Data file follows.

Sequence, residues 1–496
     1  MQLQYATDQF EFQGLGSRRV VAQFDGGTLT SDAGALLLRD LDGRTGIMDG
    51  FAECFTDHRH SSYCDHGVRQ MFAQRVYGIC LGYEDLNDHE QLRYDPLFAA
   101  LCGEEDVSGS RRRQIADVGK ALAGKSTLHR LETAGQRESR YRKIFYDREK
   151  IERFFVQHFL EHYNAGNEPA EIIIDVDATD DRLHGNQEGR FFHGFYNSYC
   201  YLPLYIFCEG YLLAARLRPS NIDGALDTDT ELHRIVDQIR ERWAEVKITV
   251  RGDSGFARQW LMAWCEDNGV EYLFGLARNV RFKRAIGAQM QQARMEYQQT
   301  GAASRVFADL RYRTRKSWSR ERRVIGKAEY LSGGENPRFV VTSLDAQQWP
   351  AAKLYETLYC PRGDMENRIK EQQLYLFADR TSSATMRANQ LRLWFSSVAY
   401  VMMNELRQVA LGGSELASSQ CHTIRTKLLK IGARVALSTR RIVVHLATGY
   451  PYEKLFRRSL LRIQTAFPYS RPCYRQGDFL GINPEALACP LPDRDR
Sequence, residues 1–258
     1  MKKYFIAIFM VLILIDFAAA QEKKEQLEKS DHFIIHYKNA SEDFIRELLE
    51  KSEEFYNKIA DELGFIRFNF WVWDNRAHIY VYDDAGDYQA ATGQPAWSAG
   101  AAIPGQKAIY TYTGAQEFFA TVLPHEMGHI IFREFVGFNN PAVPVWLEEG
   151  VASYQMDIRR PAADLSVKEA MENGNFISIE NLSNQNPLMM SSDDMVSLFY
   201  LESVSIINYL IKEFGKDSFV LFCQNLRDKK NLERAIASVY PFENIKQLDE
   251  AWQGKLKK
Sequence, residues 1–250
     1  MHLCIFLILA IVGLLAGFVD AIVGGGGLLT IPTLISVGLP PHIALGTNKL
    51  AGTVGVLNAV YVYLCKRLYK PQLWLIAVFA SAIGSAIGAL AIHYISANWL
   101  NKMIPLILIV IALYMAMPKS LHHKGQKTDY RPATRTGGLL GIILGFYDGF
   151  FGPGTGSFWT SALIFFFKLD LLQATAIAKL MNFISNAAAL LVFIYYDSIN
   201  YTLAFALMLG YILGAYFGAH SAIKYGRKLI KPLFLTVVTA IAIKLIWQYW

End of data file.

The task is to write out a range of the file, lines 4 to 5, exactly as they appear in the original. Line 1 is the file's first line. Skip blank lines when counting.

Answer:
   101  LCGEEDVSGS RRRQIADVGK ALAGKSTLHR LETAGQRESR YRKIFYDREK
   151  IERFFVQHFL EHYNAGNEPA EIIIDVDATD DRLHGNQEGR FFHGFYNSYC